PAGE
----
The British Empire and the Second World War
In 1939 Hitler went to war not just with Great Britain; he also went to war with the whole of the British Empire, the greatest empire that there had ever been. In the years since 1945 that empire has disappeared, and the crucial fact that the British Empire fought together as a whole during the war has been forgotten. All the parts of the empire joined the struggle and were involved in it from the beginning, undergoing huge changes and sometimes suffering great losses as a result. The war in the desert, the defence of Malta and the Malayan campaign, and the contribution of the empire as a whole in terms of supplies, communications and troops, all reflect the strategic importance of Britain's imperial status. Men and women not only from Australia, New Zealand and India but from many parts of Africa and the Middle East all played their part. Winston Churchill saw the war throughout in imperial terms. The British Empire and the Second World War emphasises a central fact about the Second World War that is often forgotten.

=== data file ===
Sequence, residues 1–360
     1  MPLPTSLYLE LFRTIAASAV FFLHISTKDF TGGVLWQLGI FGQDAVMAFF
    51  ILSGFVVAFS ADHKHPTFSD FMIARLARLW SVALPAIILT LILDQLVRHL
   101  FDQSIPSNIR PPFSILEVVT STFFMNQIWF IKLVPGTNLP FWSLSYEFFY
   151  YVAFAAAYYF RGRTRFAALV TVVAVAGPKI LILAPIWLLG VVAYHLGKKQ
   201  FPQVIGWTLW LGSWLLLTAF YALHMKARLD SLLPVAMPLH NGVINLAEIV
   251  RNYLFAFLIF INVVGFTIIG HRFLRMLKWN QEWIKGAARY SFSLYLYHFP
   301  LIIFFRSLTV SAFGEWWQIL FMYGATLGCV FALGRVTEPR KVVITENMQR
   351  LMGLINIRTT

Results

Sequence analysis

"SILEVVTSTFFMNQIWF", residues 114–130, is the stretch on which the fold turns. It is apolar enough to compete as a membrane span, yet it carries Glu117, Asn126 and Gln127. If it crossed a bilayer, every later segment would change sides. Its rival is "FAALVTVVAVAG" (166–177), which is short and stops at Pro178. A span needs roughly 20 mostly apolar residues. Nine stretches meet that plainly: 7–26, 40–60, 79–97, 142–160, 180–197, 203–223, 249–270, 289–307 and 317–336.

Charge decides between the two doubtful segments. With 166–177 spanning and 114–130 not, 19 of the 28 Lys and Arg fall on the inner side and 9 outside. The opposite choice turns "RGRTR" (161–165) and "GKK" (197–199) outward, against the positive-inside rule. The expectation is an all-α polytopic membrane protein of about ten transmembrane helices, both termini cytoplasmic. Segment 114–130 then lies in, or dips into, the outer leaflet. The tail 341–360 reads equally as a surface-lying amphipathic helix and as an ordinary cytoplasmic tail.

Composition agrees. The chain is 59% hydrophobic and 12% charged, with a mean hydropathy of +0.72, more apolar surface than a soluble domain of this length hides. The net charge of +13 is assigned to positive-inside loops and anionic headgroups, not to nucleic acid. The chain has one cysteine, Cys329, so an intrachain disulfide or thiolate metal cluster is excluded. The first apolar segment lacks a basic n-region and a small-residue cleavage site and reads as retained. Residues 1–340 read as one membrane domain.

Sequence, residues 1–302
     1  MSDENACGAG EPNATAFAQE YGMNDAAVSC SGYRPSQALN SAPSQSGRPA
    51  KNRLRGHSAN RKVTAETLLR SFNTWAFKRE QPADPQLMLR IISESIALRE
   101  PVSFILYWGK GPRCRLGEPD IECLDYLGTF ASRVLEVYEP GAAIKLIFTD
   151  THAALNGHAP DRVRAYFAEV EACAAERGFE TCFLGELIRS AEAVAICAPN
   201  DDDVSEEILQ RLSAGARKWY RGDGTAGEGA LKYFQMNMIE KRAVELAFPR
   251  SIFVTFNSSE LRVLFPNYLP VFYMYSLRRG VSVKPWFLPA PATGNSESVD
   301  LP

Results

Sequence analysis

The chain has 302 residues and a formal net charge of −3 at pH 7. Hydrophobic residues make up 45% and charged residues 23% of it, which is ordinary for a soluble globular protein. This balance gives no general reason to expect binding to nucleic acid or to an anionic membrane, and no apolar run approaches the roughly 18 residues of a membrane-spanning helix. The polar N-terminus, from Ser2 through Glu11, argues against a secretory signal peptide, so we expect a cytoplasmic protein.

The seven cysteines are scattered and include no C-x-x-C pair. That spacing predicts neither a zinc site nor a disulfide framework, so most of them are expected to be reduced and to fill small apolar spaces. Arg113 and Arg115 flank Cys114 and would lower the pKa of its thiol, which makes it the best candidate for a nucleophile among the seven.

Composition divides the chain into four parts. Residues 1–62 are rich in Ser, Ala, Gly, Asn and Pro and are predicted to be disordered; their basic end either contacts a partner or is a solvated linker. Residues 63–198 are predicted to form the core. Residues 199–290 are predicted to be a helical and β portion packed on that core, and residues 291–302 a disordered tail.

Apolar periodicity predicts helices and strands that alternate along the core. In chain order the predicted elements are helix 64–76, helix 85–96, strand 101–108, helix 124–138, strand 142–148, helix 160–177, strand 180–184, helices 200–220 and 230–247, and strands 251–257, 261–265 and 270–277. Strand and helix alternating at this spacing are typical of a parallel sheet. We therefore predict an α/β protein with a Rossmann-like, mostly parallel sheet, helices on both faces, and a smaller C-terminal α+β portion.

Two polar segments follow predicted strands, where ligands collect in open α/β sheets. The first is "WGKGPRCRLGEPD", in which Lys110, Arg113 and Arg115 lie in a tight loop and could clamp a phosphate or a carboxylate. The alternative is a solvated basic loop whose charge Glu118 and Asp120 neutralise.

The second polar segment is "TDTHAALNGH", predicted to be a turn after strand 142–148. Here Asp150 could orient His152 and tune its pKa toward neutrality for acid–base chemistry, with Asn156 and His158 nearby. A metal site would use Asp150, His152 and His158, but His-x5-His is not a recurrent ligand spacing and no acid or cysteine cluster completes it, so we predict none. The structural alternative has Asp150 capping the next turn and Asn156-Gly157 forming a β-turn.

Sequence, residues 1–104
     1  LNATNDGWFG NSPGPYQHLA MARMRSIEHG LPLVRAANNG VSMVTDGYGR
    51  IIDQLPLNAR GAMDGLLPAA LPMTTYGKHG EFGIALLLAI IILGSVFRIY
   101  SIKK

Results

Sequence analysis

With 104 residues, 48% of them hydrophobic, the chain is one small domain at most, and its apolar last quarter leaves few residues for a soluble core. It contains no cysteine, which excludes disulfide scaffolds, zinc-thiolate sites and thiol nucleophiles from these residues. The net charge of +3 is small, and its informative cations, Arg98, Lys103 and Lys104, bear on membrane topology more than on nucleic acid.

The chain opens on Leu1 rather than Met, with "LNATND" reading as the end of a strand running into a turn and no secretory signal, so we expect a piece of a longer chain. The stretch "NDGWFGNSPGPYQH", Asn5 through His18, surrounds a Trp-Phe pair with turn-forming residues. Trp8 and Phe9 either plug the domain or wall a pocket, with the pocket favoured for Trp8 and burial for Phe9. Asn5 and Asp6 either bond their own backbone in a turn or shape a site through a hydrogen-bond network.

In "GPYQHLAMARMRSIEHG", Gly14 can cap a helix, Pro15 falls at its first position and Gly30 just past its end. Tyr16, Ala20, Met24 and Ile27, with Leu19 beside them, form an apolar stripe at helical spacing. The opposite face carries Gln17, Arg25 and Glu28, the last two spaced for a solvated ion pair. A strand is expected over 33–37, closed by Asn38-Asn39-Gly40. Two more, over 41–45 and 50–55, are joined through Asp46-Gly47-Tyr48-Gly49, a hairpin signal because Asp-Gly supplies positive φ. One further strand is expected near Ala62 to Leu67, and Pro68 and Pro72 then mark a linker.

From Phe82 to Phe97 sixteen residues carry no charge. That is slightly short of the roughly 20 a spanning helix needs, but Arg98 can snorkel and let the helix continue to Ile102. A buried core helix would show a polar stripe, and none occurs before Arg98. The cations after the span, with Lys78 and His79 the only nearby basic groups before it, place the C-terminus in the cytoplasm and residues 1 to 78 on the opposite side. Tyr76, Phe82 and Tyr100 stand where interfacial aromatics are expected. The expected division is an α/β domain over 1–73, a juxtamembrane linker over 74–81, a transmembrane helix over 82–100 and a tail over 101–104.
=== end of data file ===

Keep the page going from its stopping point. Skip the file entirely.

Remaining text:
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This great expansion of East Africa's military structure meant that the dictums,
doctrines and prejudices underpinning peace-time recruitment had to be revised,
rejected or suspended in the name of military expediency. There were simply too
But the 1943 ban on unrestricted military recruitment was really a demonstration
of settler power in the Legislative Council, for the bottom line was that settlers
depended on cheap African labour. Some historians have suggested that East ...
Ashley Jackson. situation of American military dominance and continued British
political control that arose in places like Fiji, great sensitivity was demanded of
administrators and commanders on the spot. In the case of Fiji, Sir Philip Mitchell,